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Road bridge over the uMtamvuna River - Mitchel Bridge
Port Edward district, KwaZulu-Natal


Client:Public Works Department, Natal


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31°04'32.12" S 30°11'33.94" E Alt: 1m

Extract from James Brown & Hamer's quarterly Newsletter dated January 1963:


James Brown and Hamer Ltd. have recently been awarded the R550,000 contract for the construction of a new Bridge at Umtamvuma on the South Coast of Natal, which will replace the present pont at Port Edward. The 520 ft. (158,5 m) span arch suspension bridge is to be constructed below the position of the existing pont—about 2,500 ft. (762 m) from the river mouth.

The roadway, 30 ft. (9 m) wide, excluding two walkways each 3 ft. (0,9 m) wide, will be tarmacadam on a steel deck. This deck is 675 ft. 6 in. (206 m) long, and consists of three spans.

The Umtamvuma bridge will be the first in Africa to be built of Cor-Ten steel, a high strength, low alloy material noted for its outstanding resistance to atmospheric corrosion — an important point in a bridge that is less than 1,000 yards (914,5 m) from the sea. Construction of the arch and deck embodies both welding and riveting. All welding will be carried out by James Brown and Hamer, to comply with British Standard Specification No. 2642. The welds will be tested by radiography by the South African Bureau of Standards.

To guard against corrosion, the whole structure will be shot blast-cleaned, primed and painted before leaving the workshops as well as being painted after erection.

The bridge is being built for the Public Works Department and should be completed in 1964.

Extract from James Brown & Hamer's quarterly Newsletter dated January 1965:

AS part of the National road development in South Africa, James Brown & Hamer Limited, were awarded the construction and erection of a 520' (158,5 m) span arch suspension bridge over the Umtamvuna River on the Natal and Cape Province border.

The bridge consists of approaches, concrete abutments, two concrete piers and three spans with steel road decking and supporting structure. The road contained will be 30' 0" (9 m) wide and 675' 6" (206 m) long, with a tarmacadam surface. The two outer spans are supported on the piers and abutments, and the centre span will be suspended from a steel arch 520' (158,5 m) span and 154' (47 m) above springing line.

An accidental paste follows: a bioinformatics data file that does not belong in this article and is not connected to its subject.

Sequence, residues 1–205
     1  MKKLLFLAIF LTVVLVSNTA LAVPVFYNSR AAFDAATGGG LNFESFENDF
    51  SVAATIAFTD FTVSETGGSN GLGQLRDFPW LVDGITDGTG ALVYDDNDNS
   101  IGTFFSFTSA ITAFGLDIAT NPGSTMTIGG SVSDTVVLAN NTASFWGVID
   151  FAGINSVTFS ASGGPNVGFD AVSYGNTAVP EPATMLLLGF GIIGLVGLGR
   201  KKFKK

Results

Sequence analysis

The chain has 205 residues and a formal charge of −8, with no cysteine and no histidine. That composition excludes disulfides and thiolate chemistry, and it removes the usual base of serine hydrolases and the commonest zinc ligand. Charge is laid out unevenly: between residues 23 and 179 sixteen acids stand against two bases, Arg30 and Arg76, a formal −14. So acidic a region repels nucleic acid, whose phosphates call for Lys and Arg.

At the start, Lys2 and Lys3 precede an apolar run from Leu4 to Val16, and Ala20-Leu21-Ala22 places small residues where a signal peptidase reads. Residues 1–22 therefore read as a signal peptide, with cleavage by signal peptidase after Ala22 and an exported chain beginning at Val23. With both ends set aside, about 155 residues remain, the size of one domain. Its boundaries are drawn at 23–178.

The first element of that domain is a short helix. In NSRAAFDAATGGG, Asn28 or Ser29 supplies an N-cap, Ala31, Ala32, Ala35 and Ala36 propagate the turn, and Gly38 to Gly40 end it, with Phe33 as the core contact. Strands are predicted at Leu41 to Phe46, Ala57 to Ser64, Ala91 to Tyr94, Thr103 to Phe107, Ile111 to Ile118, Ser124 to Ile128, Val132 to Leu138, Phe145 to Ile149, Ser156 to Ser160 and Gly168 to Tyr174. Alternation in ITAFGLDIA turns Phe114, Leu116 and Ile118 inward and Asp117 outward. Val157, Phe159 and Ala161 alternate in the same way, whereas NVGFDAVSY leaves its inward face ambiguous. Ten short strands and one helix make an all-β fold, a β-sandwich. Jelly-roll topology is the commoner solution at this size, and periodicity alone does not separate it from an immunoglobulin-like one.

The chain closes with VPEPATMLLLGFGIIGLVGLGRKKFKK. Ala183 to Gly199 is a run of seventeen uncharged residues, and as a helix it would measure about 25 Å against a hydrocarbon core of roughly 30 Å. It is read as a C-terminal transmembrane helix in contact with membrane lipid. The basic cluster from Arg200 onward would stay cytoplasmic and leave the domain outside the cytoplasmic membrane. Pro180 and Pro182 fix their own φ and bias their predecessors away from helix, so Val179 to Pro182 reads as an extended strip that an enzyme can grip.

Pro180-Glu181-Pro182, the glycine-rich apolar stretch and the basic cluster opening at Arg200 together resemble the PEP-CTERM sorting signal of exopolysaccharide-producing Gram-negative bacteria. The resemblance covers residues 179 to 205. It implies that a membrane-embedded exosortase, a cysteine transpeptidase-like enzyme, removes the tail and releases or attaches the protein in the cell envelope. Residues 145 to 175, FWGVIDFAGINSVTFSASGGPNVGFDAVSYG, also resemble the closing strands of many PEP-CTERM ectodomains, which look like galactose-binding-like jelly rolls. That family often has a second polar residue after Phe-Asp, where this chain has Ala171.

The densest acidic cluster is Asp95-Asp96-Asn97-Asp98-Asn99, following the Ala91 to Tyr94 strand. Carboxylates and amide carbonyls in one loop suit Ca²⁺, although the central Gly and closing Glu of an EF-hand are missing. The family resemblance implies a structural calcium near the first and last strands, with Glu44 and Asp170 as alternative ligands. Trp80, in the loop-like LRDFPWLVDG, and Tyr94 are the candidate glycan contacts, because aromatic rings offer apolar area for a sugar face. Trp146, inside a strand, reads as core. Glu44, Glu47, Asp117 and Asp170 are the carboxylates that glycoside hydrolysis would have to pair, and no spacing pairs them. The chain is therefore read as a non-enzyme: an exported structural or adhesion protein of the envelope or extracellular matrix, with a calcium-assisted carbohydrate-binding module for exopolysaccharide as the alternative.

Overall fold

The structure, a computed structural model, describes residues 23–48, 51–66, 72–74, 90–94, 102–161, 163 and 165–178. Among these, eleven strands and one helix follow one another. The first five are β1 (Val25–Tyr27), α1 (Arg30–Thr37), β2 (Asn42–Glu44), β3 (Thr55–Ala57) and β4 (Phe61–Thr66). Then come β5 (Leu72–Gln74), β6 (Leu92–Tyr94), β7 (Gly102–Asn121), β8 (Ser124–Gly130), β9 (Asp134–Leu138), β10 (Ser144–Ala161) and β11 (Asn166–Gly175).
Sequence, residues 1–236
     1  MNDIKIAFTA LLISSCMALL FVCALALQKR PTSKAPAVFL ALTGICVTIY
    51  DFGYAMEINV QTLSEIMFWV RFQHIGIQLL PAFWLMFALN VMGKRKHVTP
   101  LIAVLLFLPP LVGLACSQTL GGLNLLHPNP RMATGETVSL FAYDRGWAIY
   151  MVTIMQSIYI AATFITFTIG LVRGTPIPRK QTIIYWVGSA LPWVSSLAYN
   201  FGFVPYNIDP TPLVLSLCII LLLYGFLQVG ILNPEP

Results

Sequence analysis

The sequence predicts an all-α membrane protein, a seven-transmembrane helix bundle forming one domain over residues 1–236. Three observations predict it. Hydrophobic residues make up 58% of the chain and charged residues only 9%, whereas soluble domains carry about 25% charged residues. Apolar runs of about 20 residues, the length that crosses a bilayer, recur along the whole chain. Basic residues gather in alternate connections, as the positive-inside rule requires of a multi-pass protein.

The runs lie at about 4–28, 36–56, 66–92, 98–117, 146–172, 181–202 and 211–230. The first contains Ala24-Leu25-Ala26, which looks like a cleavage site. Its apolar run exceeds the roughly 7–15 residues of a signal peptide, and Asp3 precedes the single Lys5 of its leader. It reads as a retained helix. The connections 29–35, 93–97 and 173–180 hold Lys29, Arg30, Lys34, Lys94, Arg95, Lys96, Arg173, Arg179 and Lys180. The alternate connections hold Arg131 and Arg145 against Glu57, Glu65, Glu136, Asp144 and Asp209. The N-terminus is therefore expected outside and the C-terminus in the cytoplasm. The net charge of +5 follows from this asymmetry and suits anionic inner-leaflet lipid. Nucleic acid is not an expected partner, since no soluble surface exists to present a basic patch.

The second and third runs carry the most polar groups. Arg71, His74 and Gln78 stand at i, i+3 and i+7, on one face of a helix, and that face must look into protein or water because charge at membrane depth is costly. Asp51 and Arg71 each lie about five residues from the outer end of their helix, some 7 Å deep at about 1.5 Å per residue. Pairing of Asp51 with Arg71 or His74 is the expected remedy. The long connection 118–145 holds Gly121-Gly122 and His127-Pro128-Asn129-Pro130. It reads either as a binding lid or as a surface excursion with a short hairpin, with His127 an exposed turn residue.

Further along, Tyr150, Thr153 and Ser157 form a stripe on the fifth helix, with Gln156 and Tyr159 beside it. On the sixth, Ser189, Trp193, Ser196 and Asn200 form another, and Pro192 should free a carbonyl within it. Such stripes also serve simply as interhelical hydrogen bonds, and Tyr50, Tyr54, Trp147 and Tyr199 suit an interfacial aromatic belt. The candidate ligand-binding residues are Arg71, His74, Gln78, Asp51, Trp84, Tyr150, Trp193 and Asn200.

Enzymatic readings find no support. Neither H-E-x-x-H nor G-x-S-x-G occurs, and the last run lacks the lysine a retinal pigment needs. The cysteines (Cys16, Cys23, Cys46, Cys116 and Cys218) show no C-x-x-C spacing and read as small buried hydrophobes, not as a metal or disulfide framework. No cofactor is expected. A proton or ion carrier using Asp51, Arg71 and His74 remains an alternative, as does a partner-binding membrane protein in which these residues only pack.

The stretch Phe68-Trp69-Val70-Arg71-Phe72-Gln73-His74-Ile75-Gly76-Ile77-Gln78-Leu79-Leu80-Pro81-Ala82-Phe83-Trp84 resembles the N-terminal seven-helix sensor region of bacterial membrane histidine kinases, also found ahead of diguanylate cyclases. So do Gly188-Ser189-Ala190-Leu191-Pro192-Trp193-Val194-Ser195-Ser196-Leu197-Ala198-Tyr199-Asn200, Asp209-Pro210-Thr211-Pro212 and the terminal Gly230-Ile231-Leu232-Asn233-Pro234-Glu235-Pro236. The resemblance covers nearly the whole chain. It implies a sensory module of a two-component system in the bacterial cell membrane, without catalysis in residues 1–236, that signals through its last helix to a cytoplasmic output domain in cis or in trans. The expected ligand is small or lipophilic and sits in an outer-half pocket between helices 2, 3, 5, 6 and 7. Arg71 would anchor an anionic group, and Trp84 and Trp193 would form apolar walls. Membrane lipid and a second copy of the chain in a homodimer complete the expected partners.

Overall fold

The arch type of construction was decided on since soundings in the river bed to many hundreds of feet in depth showed no bedrock on which piers could be erected for a plate deck bridge.

The bridge is made from "Cor-ten" steel, a high-strength low-alloy material noted for its resistance to atmospheric corrosion.

The erection of the bridge is being carried out by means of an aerial cableway 775' 0" (236 m) span with towers 180' 0" (55 m) high. These towers are arranged to tip sideways by means of hand winches so that erection can be carried out at any point between the main girders which are 39' 0" (12 m) apart.

The hoist and travel motors of the cableway are electrically operated by means of push-button controls attached to long trailing cables, enabling the erection foreman controlling the work to get as near as possible to the parts being erected. This operation can be seen in the photograph [see right], where the controller on the Natal side, armed with binoculars and a transistorized loud-hailer, is directing into position a section of steel which an erection gang are fitting into place on the Cape side of the bridge.

In the two pictures [see right] showing the abutments on either side of the river, the first portion of the arch on either side is seen held in place by holdback cables from the hold-back erection structure mounted on the concrete piers, and this structure is itself tied back by steel girders to the concrete abutment.

(Submitted by Alison Chadwick via William Martinson)